encrypting the web, EFF news, campaigns, and ways to support digital freedom.
Obtaining a new certificate
Performing the following challenges:
http-01 challenge for
Using default address 80 for authentication.
2018/07/13 18:28:47 [notice] 4617#4617: signal process started
Waiting for verification...
Cleaning up challenges
2018/07/13 18:28:53 [notice] 4619#4619: signal process started

If everything goes as expected, you should see something like this:

 - Congratulations! Your certificate and chain have been saved at:
   Your key file has been saved at:
   Your cert will expire on 2018-10-11. To obtain a new or tweaked
   version of this certificate in the future, simply run certbot
   again. To non-interactively renew *all* of your certificates, run
   "certbot renew"

This means that now we have a valid certificate and that we can go back to nginx. Double check that the path informed by certbot (in this example /etc/letsencrypt/live/ matches the one in your nginx file.

Let’s Encrypt certificates only last for 90 days, so we will still come back to this. But for now, let’s go back to nginx.

If you have an error like

Saving debug log to /var/log/letsencrypt/letsencrypt.log
An unexpected error occurred:
UnicodeDecodeError: 'ascii' codec can't decode byte 0xc2 in position 10453: ordinal not in range(128)
Please see the logfiles in /var/log/letsencrypt for more details.

Check that you have set up correctly your locale! If your locale is set to C, certbot will fail.

Finishing off nginx configuration

At this point the certificate should be working. Since this configuration is using HSTS, we also need to generate a dhparam. You can do that by doing (might take a little while!)

openssl dhparam -out dhparam.pem 2048
sudo mv dhparam.pem /etc/ssl/certs/dhparam.pem

What is left for us to do is to enable the instance configuration and reload nginx. We should do this (remember to replace with your instance config!):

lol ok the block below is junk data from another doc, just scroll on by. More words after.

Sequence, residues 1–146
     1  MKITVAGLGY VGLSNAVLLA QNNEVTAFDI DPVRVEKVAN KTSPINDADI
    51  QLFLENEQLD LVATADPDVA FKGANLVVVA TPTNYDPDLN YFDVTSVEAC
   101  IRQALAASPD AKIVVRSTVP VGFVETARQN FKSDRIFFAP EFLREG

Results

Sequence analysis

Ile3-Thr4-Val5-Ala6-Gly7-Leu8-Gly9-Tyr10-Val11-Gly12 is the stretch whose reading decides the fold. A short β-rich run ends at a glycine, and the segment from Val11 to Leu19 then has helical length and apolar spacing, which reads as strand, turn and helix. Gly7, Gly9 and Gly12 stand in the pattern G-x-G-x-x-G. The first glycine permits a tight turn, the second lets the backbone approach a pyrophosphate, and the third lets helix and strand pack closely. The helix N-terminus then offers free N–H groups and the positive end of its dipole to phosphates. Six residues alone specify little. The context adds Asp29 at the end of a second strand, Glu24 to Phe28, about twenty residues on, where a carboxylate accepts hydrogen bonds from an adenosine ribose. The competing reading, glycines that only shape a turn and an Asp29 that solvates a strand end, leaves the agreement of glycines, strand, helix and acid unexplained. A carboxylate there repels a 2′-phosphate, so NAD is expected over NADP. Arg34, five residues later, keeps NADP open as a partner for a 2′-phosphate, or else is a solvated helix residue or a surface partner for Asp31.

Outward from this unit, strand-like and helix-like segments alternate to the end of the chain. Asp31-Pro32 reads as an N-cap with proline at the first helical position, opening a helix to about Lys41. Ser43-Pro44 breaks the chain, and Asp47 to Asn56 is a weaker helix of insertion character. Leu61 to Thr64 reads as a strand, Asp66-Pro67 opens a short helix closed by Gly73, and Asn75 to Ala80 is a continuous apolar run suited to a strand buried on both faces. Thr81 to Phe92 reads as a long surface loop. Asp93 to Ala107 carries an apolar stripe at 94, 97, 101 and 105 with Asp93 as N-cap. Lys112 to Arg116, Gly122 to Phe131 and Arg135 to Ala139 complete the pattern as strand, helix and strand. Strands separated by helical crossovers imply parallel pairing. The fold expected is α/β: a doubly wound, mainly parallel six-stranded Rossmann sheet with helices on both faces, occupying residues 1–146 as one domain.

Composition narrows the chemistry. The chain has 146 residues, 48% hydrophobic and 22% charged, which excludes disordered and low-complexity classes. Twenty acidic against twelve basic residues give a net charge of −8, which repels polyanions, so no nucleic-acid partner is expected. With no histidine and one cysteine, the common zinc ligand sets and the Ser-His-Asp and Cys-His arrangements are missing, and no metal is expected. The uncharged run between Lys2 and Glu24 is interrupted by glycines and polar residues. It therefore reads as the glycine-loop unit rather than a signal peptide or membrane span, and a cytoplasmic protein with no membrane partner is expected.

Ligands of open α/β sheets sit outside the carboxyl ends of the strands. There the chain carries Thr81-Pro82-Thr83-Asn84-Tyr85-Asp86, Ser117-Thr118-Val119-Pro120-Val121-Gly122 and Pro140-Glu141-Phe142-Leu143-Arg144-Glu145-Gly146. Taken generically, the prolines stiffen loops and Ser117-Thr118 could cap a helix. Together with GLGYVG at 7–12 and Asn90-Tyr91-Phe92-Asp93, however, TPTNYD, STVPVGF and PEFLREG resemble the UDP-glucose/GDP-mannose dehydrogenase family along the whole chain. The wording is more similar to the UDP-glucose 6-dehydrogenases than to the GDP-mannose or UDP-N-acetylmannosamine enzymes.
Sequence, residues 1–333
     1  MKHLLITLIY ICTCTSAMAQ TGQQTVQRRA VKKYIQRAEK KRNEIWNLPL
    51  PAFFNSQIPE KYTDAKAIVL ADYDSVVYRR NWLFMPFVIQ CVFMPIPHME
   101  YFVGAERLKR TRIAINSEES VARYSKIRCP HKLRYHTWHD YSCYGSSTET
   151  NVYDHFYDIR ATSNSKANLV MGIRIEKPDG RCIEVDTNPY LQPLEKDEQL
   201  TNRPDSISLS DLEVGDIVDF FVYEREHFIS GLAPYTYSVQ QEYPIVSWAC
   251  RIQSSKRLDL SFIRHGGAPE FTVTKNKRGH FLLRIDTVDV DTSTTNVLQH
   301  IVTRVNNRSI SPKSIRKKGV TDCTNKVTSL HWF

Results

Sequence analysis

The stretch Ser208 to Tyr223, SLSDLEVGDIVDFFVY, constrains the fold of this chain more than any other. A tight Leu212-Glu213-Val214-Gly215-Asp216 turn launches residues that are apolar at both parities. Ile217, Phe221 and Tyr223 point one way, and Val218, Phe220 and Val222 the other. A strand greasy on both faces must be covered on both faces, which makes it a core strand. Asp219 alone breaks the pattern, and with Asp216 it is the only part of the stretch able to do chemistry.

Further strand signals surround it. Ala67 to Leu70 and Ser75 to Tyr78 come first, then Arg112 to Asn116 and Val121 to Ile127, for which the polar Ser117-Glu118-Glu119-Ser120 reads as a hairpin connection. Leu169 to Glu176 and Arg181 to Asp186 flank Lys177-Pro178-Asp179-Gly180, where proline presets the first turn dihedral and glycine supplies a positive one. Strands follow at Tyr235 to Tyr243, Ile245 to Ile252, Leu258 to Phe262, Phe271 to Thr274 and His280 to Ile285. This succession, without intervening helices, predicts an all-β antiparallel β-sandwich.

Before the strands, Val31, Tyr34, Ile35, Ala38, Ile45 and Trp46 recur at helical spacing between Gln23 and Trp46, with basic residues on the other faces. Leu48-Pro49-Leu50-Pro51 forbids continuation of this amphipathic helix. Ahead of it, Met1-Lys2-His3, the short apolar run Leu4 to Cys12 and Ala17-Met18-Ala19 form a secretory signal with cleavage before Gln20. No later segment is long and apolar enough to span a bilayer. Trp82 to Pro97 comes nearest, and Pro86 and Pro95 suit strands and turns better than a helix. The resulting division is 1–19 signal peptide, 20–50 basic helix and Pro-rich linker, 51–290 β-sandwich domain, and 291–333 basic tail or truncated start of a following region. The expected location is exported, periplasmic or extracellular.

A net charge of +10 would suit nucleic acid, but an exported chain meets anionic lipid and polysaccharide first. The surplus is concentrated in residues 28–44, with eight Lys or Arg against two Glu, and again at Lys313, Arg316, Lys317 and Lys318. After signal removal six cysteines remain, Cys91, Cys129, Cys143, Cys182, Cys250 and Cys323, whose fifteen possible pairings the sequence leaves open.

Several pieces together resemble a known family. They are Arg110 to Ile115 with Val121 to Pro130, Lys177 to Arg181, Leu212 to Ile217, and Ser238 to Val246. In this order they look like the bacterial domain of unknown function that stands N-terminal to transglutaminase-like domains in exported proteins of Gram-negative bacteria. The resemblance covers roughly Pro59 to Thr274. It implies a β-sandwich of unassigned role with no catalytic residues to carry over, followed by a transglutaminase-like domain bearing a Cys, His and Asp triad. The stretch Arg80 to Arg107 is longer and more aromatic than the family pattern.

sudo ln -s /etc/nginx/sites-available/ /etc/nginx/sites-enabled/ # creates a softlink of the configuration we created previously to the enabled sites directory
sudo systemctl reload nginx

Now, if everything went fine, your nginx should reload. Otherwise, it will throw some error like this:

$ sudo systemctl reload nginx
Job for nginx.service failed because the control process exited with error code.
See "systemctl status nginx.service" and "journalctl -xe" for details.

In that case, you need to execute one of the commands and try to see what went wrong.

However, if everything went right until now, if you do curl -v replacing for your domain, you should see something like this:

$ curl -v
* Rebuilt URL to:
*   Trying <your server's ip>...
* Connected to (<your server's ip>) port 80 (#0)
> GET / HTTP/1.1
> Host:
> User-Agent: curl/7.60.0
> Accept: */*
< HTTP/1.1 301 Moved Permanently
< Server: nginx/1.14.0
< Date: Fri, 13 Jul 2018 18:41:17 GMT
< Content-Type: text/html
< Content-Length: 185
< Connection: keep-alive
< Location:
<head><title>301 Moved Permanently</title></head>
<body bgcolor="white">
<center><h1>301 Moved Permanently</h1></center>
* Connection #0 to host left intact

And if you curl or visit the https address you should get a 502 Bad Gateway.

Mastodon user setup

We need to create the Mastodon user:

sudo useradd -m mastodon # create the user

Then, we will start using this user for the following commands:

sudo su - mastodon

First step is that we install rvm that will be used for configuring ruby. For that we’ll follow the instructions at Before doing the following command, visit and check which keys need to be added with gpg --keyserver hkp:// --recv-keys.

\curl -sSL | bash -s stable

After that, we’ll have rvm. You will see that to use rvm in the same session you need to execute additional commands:

source /home/mastodon/.rvm/scripts/rvm

With rvm installed, we can then install the ruby version that Mastodon uses:

rvm install 2.6.1 -C --with-jemalloc

Note that the -C --with-jemalloc parameter is there so that we use jemalloc instead the standard memory allocation library, since it’s more efficient in Mastodon’s case. Now, this will take some time, drink some water, stretch and come back.

Similarly, we will install nvm for managing which node version we’ll use.

curl -o- | bash

Refer to nvm github for the latest version.

You will also need to run

export NVM_DIR="$HOME/.nvm"
[ -s "$NVM_DIR/" ] && \. "$NVM_DIR/"  # This loads nvm